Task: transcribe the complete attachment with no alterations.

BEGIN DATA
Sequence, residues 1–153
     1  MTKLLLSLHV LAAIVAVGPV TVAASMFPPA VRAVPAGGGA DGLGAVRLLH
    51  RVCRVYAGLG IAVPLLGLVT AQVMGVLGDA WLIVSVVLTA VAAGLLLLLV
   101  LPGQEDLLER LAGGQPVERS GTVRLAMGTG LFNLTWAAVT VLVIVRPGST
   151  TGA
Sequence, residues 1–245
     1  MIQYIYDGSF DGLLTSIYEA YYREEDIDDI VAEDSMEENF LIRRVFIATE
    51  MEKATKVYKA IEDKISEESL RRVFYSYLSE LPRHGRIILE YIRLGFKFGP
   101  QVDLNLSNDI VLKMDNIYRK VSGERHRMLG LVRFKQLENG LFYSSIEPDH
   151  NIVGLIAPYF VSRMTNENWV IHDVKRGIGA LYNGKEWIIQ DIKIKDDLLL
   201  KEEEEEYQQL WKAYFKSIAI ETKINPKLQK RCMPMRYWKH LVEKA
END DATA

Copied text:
Sequence, residues 1–153
     1  MTKLLLSLHV LAAIVAVGPV TVAASMFPPA VRAVPAGGGA DGLGAVRLLH
    51  RVCRVYAGLG IAVPLLGLVT AQVMGVLGDA WLIVSVVLTA VAAGLLLLLV
   101  LPGQEDLLER LAGGQPVERS GTVRLAMGTG LFNLTWAAVT VLVIVRPGST
   151  TGA
Sequence, residues 1–245
     1  MIQYIYDGSF DGLLTSIYEA YYREEDIDDI VAEDSMEENF LIRRVFIATE
    51  MEKATKVYKA IEDKISEESL RRVFYSYLSE LPRHGRIILE YIRLGFKFGP
   101  QVDLNLSNDI VLKMDNIYRK VSGERHRMLG LVRFKQLENG LFYSSIEPDH
   151  NIVGLIAPYF VSRMTNENWV IHDVKRGIGA LYNGKEWIIQ DIKIKDDLLL
   201  KEEEEEYQQL WKAYFKSIAI ETKINPKLQK RCMPMRYWKH LVEKA